Noninvasive imaging of bone microarchitecture
Article first published online: 15 DEC 2011
© 2011 New York Academy of Sciences.
Annals of the New York Academy of Sciences
Volume 1240, Skeletal Biology and Medicine II: Bone and cartilage homeostasis and bone disease pages 77–87, December 2011
How to Cite
Patsch, J. M., Burghardt, A. J., Kazakia, G. and Majumdar, S. (2011), Noninvasive imaging of bone microarchitecture. Annals of the New York Academy of Sciences, 1240: 77–87. doi: 10.1111/j.1749-6632.2011.06282.x
- Issue published online: 15 DEC 2011
- Article first published online: 15 DEC 2011
- high-resolution peripheral quantitative computed tomography (HR-pQCT);
- high-resolution magnetic resonance imaging (HR-MRI);
- bone microarchitecture;
- bone quality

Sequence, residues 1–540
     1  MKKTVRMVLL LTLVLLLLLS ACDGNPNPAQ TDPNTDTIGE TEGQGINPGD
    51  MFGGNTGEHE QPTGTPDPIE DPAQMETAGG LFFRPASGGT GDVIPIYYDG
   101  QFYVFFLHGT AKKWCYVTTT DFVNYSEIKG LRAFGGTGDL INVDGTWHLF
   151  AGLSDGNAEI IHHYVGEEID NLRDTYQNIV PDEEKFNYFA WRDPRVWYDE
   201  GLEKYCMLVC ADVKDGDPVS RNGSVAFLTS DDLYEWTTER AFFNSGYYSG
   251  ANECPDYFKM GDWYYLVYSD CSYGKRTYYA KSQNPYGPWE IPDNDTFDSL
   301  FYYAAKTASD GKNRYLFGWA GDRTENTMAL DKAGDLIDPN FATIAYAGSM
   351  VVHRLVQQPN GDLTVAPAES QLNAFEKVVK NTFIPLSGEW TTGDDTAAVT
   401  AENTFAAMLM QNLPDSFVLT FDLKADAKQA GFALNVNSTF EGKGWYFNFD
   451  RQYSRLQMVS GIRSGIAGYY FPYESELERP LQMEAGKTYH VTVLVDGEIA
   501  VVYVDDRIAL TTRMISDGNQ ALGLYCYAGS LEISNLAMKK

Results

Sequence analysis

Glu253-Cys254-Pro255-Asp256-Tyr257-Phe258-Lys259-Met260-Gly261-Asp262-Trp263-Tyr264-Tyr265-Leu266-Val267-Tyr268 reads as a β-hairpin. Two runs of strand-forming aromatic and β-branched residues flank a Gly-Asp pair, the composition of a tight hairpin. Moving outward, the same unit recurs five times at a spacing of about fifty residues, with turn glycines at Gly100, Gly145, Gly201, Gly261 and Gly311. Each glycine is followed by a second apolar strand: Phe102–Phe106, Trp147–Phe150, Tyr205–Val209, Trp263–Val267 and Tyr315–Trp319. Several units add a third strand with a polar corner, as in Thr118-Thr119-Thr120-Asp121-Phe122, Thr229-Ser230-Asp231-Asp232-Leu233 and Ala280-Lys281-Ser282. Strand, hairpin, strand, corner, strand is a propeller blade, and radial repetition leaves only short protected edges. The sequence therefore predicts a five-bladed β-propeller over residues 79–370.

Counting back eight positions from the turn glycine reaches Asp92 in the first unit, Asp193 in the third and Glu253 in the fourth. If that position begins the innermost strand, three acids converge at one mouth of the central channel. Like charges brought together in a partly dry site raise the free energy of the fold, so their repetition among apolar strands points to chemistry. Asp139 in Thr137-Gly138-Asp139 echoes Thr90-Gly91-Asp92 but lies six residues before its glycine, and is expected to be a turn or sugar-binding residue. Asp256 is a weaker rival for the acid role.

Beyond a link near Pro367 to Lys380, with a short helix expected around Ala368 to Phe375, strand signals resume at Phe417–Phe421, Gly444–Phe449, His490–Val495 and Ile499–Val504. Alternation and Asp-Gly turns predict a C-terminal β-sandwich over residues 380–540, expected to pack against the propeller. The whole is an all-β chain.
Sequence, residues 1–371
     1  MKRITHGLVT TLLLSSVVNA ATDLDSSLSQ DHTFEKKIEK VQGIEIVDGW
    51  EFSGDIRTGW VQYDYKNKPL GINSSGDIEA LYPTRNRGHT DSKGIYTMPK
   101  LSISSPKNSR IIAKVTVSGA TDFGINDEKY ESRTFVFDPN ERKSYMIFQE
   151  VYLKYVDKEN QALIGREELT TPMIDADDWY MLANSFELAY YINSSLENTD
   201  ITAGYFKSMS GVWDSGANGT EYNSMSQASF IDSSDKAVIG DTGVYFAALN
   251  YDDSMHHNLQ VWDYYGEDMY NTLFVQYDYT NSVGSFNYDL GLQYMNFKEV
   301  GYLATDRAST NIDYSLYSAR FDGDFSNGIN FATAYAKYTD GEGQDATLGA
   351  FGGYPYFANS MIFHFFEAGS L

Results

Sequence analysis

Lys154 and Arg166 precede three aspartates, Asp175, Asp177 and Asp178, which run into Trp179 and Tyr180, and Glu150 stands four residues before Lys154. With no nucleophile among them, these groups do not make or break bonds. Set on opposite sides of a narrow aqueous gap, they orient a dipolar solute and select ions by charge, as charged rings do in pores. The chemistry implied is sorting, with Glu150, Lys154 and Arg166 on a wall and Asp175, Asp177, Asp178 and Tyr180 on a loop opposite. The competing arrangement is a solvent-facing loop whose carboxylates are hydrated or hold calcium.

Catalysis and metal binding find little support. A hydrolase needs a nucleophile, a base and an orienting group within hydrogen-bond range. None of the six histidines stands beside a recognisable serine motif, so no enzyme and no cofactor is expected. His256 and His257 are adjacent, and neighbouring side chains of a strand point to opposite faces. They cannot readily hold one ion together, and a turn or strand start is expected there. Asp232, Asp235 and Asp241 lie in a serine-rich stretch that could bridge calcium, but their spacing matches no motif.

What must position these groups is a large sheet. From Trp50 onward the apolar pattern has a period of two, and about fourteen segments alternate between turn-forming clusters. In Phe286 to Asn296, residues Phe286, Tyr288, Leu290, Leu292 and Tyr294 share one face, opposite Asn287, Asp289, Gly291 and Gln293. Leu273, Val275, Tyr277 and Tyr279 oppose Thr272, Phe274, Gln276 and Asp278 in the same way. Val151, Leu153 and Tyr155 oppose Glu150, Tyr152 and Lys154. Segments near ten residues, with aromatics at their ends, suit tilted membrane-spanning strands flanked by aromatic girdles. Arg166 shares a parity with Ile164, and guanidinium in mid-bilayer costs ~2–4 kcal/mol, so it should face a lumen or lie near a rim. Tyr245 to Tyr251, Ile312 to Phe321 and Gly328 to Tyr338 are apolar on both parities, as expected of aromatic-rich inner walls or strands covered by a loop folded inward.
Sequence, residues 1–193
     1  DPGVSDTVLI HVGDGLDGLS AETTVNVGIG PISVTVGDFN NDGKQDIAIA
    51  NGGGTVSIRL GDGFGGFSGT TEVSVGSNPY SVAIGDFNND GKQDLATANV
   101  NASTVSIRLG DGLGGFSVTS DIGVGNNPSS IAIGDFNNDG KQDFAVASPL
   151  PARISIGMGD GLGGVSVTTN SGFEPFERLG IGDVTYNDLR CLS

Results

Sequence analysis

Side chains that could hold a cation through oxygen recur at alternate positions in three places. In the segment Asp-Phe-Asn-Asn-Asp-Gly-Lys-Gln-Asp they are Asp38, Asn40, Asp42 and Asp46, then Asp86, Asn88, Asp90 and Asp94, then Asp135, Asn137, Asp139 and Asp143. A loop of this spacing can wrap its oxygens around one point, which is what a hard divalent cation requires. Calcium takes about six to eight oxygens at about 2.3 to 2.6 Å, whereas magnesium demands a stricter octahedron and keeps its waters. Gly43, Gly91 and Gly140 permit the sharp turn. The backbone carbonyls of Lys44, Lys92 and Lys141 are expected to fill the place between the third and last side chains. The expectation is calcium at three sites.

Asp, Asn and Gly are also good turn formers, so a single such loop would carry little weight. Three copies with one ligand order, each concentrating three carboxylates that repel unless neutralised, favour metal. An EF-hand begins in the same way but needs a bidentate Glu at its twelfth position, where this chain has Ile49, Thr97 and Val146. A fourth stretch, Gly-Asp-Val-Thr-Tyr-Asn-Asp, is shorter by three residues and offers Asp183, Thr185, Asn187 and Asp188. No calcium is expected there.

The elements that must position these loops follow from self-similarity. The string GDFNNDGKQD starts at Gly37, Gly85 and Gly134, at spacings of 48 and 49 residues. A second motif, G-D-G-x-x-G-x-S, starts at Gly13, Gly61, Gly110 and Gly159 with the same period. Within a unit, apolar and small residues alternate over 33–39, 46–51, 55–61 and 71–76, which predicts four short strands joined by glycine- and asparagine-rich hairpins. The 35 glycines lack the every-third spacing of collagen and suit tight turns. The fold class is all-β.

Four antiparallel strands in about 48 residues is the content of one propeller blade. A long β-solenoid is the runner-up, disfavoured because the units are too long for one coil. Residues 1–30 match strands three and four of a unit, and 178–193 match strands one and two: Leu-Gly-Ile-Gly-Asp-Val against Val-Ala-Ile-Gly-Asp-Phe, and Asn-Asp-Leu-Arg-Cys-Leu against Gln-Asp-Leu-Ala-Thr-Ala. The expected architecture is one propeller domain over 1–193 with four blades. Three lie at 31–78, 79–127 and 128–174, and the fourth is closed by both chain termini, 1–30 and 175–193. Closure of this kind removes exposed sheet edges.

The noninvasive quantification of peripheral compartment-specific bone microarchitecture is feasible with high-resolution peripheral quantitative computed tomography (HR-pQCT) and high-resolution magnetic resonance imaging (HR-MRI). In addition to classic morphometric indices, both techniques provide a suitable basis for virtual biomechanical testing using finite element (FE) analyses. Methodical limitations, morphometric parameter definition, and motion artifacts have to be considered to achieve optimal data interpretation from imaging studies. With increasing availability of in vivo high-resolution bone imaging techniques, special emphasis should be put on quality control including multicenter, cross-site validations. Importantly, conclusions from interventional studies investigating the effects of antiosteoporotic drugs on bone microarchitecture should be drawn with care, ideally involving imaging scientists, translational researchers, and clinicians.